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Naming Rights

Alas, we have little control over the language we are born into. Whatever language we happen to learn, we have little to say about the vocabulary. It’s already there, and if we want to be understood, we have to use it as others do.

This is despite the famous declaration in Through the Looking-Glass:

“When I use a word,” Humpty Dumpty said, in rather a scornful tone, “it means just what I choose it to mean—neither more nor less.”

“The question is,” said Alice, “whether you can make words mean so many different things.”

“The question is,” said Humpty Dumpty, “which is to be master, that’s all.”

Mr. Dumpty is indeed the master of words, as he has explained to Alice:

“I don’t know what you mean by ‘glory,’” Alice said.

Humpty Dumpty smiled contemptuously. “Of course you don’t—till I tell you. I meant ‘there’s a nice knock-down argument for you!’”

“But ‘glory’ doesn’t mean ‘a nice knock-down argument,’” Alice objected.

And that’s the problem. We have to use words the way others understand them, or we won’t be understood. Even if we aren’t concerned with the pronunciations, or pronouncements, of the guardians of language usage, we have to conform to the consensus of our colleagues and companions.

But there’s one small space of language where we, like Humpty Dumpty, are the master. That’s with our own names.

True, we don’t begin life with our choice of names. During childhood we have to make do with the names our parents gave us. But as we emancipate ourselves from parental guidance, we empower ourselves to be the final authority. Those who protect their names against mispronunciation and misspelling can be just as sincere and determined as those who strive to protect the general vocabulary against barbarisms. The weapon in both cases is annoyance, if not outrage.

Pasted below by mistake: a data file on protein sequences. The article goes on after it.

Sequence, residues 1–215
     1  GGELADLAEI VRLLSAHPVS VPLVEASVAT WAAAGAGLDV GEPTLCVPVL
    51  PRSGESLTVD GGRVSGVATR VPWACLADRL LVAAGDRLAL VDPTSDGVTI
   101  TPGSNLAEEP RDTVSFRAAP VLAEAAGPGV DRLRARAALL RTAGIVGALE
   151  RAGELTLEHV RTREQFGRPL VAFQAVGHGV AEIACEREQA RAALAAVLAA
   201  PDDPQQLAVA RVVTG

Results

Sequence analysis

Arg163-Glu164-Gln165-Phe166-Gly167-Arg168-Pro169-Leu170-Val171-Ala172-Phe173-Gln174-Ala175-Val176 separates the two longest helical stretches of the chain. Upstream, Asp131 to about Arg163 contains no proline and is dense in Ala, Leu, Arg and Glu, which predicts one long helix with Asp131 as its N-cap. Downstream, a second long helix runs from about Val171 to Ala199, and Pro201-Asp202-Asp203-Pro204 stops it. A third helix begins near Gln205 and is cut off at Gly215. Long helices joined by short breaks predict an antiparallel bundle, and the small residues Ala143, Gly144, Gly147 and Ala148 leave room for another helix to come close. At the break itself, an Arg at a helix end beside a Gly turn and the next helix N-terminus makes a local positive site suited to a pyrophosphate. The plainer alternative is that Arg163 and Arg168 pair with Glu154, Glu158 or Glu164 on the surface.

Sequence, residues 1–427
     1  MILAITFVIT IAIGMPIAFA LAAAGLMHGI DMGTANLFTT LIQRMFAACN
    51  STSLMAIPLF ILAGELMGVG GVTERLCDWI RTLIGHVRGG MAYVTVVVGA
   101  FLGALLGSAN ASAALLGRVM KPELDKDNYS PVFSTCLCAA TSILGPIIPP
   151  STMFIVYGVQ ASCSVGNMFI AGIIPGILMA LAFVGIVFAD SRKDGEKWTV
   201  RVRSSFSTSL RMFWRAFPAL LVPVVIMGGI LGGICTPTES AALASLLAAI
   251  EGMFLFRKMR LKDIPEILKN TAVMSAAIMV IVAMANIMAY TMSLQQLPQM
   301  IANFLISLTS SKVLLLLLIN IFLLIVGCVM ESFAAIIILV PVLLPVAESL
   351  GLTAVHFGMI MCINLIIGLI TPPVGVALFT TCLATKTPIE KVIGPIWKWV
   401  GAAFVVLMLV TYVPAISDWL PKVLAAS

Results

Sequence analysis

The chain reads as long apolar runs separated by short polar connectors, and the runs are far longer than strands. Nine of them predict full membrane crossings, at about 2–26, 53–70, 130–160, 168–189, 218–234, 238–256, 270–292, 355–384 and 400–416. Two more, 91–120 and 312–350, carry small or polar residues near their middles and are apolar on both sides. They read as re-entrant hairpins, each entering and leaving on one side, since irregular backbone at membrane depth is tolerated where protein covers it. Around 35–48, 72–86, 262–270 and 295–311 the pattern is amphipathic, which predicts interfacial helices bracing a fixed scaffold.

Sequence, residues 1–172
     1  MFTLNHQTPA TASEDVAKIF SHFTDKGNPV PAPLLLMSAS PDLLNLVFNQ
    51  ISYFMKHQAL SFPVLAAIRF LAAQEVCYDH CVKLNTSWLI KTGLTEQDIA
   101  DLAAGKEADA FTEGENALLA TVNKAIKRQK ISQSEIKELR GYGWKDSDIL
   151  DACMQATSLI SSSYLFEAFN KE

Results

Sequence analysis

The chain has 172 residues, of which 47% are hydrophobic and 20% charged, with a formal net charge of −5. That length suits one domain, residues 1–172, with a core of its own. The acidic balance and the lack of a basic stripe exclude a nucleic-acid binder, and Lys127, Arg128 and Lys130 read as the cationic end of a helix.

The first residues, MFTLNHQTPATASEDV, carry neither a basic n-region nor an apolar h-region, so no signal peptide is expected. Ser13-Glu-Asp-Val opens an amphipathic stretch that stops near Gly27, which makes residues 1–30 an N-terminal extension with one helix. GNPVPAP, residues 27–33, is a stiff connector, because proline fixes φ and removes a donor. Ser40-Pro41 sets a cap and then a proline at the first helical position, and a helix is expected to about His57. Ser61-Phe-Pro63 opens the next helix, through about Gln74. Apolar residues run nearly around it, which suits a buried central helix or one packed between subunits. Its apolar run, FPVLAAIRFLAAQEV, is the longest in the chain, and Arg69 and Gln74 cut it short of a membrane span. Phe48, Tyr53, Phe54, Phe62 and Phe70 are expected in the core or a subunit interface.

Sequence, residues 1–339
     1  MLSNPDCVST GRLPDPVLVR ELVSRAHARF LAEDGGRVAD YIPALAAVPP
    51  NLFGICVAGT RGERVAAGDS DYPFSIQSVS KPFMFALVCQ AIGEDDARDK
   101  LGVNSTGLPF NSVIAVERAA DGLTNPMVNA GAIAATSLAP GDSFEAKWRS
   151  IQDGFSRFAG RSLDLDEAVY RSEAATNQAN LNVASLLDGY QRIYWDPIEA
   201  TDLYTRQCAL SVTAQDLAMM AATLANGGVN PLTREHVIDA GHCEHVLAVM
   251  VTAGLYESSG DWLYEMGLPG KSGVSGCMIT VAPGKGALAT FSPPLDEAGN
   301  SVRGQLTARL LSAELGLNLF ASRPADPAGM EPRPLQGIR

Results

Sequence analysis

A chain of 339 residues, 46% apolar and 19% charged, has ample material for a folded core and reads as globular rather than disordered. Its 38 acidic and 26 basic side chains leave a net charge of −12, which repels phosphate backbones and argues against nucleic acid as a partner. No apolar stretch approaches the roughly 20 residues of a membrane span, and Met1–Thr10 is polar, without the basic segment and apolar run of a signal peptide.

For example, from answerbag.com:

I was taught in school that the most important thing to anyone is their own name. I think it is only good manners for anybody to try to pronounce your name correctly (even if they are unable to—because of language differences, etc.—to at least make the effort). I would tell them and tell them that it is annoying.

Sometimes enforcing proper use of one’s name involves drastic measures. Another example from answerbag:

My boss used to say my name wrong, and I would get so annoyed. So, when I needed to talk to her, I intentionally mispronounced her name. She got the point and corrected herself. If a friend or a neighbor mispronounced my name, I wouldn’t really care. But in the work place, I would expect my boss to state it correctly.

And just as with standards for the general vocabulary, failure to respect the norm of a name can lead to ostracism. One more from answerbag:

I have a new boyfriend of 3 weeks who consistently calls me MartHa instead of Marta and it drives me crazy, a sign of disrespect. I have told him gently about 4 times, and the next 4 times were not gentle and I broke off the relationship.

We’ve made love etc. … how damn hard is it to get a name right. I am deeply insulted and it is so over. Some may say I am being too picky, but after telling him so many times, I have had it. Your name is so basic to who you are … if they can’t show enough respect to get it right, I am GONE!

That’s the true voice of authority.

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